Crash victim’s mother hopes killer driver’s increased sentence will be deterrent

Chloe Hayman, 17, from Mountain Ash, was killed in a collision in July last year (Family handout/PA)
Chloe Hayman, 17, from Mountain Ash, was killed in a collision in July last year (Family handout/PA)

The mother of a teenage girl killed in a car crash has said no prison time “will ever feel adequate” after the drink-and-drug-driver jailed over her daughter’s death had his sentence increased by the Court of Appeal.

Danielle O’Halloran, 36, said she hoped Keilan Roberts can “do some good” with his life after serving his newly extended jail term for causing the death of 17-year-old Chloe Hayman by careless driving.

She also hoped the increased sentence would deter people driving a vehicle under the influence of alcohol or drugs, sending the message: “just don’t do it”.

Keilan Roberts
Keilan Roberts has had his jail term increased (Gwent Police/PA)

Roberts, now 22, admitted four offences relating to the death of Chloe, who was a passenger in his car when it crashed in the early hours of July 24 last year.

He had consumed alcohol, cocaine, ketamine and ecstasy before getting behind the wheel of his Skoda Octavia following a night out in Pontypridd, south Wales.

He was originally jailed at Cardiff Crown Court for three years and nine months, but following a challenge from the Attorney General’s Office (AGO) this was increased by the Court of Appeal on Friday to five years and three months.

Reacting to the appeal ruling, Miss O’Halloran told the PA news agency: “We will always live with a life sentence without Chloe.

“We are dealing with that loss every single day from the selfish act.”

Chloe Hayman
Chloe Hayman was from Mountain Ash (Family handout/PA)

She later added: “Sadly no amount of sentence will ever feel adequate for the loss of Chloe.

“However, following the appeal hearing yesterday, the increase to the sentence is positive news following a long and upsetting process to get to where we are.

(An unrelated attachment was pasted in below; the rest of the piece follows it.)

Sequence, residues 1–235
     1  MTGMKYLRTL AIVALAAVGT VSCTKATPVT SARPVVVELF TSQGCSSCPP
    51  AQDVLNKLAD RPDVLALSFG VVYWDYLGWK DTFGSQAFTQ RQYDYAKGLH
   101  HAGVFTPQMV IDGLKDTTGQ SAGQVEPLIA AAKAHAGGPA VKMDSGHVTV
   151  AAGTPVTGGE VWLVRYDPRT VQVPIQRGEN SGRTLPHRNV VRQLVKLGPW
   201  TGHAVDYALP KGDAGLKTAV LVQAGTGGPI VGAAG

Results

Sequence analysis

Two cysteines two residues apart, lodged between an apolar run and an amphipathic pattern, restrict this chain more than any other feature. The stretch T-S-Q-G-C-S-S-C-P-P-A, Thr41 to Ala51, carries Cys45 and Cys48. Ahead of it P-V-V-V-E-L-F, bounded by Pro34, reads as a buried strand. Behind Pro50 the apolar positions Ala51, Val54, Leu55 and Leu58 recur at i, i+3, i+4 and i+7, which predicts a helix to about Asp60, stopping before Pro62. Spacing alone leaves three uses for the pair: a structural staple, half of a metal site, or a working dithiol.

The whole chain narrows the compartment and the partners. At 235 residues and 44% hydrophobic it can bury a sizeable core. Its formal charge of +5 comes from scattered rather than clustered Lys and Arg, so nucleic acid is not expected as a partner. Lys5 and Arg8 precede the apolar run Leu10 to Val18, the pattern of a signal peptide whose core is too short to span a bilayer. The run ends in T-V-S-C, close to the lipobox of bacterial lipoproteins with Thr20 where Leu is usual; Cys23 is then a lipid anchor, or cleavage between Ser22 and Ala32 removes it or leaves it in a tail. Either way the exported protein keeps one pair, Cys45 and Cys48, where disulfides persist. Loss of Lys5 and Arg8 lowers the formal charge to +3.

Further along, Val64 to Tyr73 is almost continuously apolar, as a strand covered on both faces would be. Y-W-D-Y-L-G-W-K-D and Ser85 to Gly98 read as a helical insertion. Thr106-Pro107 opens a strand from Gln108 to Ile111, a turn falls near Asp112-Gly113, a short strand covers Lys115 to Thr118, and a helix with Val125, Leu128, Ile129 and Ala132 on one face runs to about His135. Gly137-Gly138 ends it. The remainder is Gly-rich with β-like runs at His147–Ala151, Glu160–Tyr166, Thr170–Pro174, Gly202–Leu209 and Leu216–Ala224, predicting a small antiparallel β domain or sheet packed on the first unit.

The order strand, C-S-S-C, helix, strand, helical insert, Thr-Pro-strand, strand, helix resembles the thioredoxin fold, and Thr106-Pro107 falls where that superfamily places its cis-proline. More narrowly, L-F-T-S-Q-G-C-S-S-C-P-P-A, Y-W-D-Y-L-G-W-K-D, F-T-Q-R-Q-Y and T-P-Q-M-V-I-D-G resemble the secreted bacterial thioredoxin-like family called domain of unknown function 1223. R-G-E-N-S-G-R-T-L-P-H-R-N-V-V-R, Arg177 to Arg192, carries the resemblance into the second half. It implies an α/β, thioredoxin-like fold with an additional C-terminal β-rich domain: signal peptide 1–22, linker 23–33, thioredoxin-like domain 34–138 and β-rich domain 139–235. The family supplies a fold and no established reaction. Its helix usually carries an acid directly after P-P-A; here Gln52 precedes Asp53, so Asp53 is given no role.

“I can only hope that this increase in sentence goes some way to act as a deterrent to anyone thinking of getting behind the wheel under the influence of alcohol or drugs. Just don’t do it.”

At his original sentencing, Cardiff Crown Court was told Roberts, of Rhymney, had not met Chloe before the night of the crash and offered to drive her to her home after arguing with his girlfriend.

Roberts lost control of his car in the village of Fochriw, leaving Chloe, from Mountain Ash, with fatal chest injuries. She died at the scene.

He pleaded guilty to four counts of causing death by careless driving while under the influence, with each charge reflecting the substances he had taken.

“It’s a hard pill to swallow. I’m just gutted she can’t enjoy her life”, Miss O’Halloran said of her daughter, adding: “She was my all”.

Chloe’s mother said “funding needs to be given to the police for more drug testing equipment on the side of the road”, arguing that this could have deterred Roberts from driving under the influence.

According to written arguments from the AGO, a pre-sentence report said Roberts had “a history of drug and alcohol misuse from his teenage years” with there being “some evidence of a history of driving having consumed alcohol, though this had not led to any convictions”.

The AGO said that, within the 20 months leading up to the collision which killed Chloe, Roberts had failed roadside breath tests for alcohol on five occasions, “though later evidential readings had been within the prescribed limit”.

Miss O’Halloran said of Roberts: “I just hope moving forward he can just do some good, be sorry, do the things he needs to do to change his life and show his family that he’s not that person anymore.”

She later added: “This additional time will only serve for a longer period of reflection for him to think about his ways, and I sincerely hope, change his ways, and remember that this never had to happen.”

At a Court of Appeal hearing in London on Thursday, the AGO challenged the original sentence as being “insufficient”.

Lord Justice Popplewell, sitting with Mr Justice Lavender and Mr Justice Bryan, ruled on Friday there had been an “error” in sentencing judge David Wynn Morgan’s approach in relation to guidelines and the level of Roberts’ intoxication.

The judges also banned Roberts from driving for an extended period of 12 years and seven-and-a-half months.

Jeffrey Jones, representing Roberts, said the original sentence passed was proportionate, adding: “The effect of this crime clearly is going to be devastating to Chloe’s family. This offender will carry the memory of what he’s done for a very long time and his remorse is genuine.”

At sentencing, the court was told Roberts had no previous convictions and had experienced a “fractured and sad childhood”.

Solicitor General Michael Tomlinson said: “When you get behind the wheel of a car while under the influence, you are not only putting yourself in danger but your passengers and everyone else on the road.

“The court’s decision to increase the sentence should serve as a strong warning that reckless behaviour will be punished to the full extent of the law.”